• A third option would be for the United States to seek “suitable” or “more favorable” terms within the Paris-related guidelines that are currently being negotiated. The Agreement left certain details for further elaboration, such as with respect to the transparency framework for reporting and review. Such guidelines, which are due to be completed in 2018, could conceivably – perhaps in combination with a new U.S. emissions target – form the basis for terms that are acceptable to the Administration. It is perhaps for this reason that the media note states that the United States will continue to participate in the Paris-related negotiations, “to protect U.S. interests and ensure all future policy options remain open to the administration.”
  • The United States might also seek improved terms outside the framework of the Agreement, such as through bilateral or multilateral energy-related cooperation.

Does the communication break any new ground?

The core aspects of the communication, i.e., that the United States “intends” to withdraw “unless” improved terms of participation are found, appear to be consistent with the President’s original announcement regarding withdrawal, as well as his statement in Paris alongside President Macron of France.

One seemingly new feature is the communication’s reference to Article 28.1 of the Agreement as the provision under which the United States would intend to withdraw in the future.   The President’s original announcement suggested (but did not say explicitly) that the United States would be withdrawing only from the Paris Agreement, not also from the Framework Convention on Climate Change (which the United States joined in 1992). Withdrawal from the Convention would have accelerated withdrawal from the Paris Agreement by a few years, but would have been perceived as an even more dramatic walk-back from international climate engagement. This communication, by referring to Article 28.1 (instead of Article 28.3) makes clear that the intent is to withdraw from Paris only.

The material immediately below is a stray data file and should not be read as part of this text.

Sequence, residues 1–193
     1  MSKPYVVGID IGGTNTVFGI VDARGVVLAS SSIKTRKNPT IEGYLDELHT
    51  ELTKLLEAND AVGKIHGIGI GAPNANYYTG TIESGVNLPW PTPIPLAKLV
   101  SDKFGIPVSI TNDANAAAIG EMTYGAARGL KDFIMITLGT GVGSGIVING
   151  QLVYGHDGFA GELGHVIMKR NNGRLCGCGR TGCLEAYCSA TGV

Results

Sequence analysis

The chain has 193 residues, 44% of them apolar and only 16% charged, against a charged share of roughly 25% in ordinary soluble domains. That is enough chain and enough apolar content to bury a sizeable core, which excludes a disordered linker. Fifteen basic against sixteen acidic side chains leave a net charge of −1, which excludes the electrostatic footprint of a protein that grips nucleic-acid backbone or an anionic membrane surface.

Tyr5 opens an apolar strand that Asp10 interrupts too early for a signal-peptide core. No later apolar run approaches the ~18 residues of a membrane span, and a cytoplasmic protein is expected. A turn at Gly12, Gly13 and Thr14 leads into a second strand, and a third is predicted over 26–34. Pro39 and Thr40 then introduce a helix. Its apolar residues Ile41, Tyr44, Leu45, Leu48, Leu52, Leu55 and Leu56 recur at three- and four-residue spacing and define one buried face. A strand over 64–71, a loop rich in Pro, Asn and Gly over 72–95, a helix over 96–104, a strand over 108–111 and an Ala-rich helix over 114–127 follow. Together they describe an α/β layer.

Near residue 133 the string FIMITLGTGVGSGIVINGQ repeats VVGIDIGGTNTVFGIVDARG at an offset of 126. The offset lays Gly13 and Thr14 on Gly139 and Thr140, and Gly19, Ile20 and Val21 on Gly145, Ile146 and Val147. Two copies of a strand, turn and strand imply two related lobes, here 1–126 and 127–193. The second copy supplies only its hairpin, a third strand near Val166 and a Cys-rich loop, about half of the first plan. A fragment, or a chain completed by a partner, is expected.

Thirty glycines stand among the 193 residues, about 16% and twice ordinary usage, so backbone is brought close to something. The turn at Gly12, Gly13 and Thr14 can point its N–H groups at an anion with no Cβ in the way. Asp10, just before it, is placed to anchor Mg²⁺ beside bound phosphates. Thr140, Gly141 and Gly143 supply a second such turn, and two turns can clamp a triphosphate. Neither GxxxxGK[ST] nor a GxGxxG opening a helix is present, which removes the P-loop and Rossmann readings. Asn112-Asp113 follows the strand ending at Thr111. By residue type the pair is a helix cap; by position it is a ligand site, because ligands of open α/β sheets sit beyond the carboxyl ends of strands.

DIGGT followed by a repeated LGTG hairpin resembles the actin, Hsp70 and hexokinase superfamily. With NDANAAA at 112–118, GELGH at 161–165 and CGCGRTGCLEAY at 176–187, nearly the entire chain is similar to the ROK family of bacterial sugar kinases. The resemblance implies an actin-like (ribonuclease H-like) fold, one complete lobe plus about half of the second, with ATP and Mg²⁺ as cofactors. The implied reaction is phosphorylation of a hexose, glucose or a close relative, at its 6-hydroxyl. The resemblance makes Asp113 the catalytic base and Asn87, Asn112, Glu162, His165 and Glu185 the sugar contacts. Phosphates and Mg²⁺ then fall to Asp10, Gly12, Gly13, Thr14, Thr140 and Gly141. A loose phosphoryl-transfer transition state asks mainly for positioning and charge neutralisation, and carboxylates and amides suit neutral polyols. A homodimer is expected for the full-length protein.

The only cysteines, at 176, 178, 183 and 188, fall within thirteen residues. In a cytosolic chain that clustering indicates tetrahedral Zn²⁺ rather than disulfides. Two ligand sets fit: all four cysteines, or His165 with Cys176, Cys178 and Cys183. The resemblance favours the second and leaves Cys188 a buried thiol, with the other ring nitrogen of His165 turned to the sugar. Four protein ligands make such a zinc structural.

In addition, the media note makes clearer than did previous Administration statements that the United States will continue participating in the UNFCCC process, including the Paris-related negotiations.

Why was the notification sent to the UN Secretary-General, as opposed to the Secretariat of the UNFCCC?

Under the terms of the Paris Agreement, notifications regarding withdrawal are to be sent to the Depositary of the Agreement, which is the UN Secretary-General. (The Depositary also receives instruments of ratification, approval, etc., and maintains the official record of which States are Parties.)

In sum, the purpose of the communication, if there is one beyond “transparency,” remains unclear. It is not legally necessary to preview with the Depositary a future withdrawal, and the notice has no legal effect. The content largely tracks past Presidential statements concerning the intent to withdraw coupled with the possibility of “re-engaging,” and it does not offer any specifics as to which “suitable” or “more favorable” terms the Administration seeks. At the same time, it clarifies that the intent to withdraw applies to the Paris Agreement only and that the United States will continue to participate in Paris-related negotiations.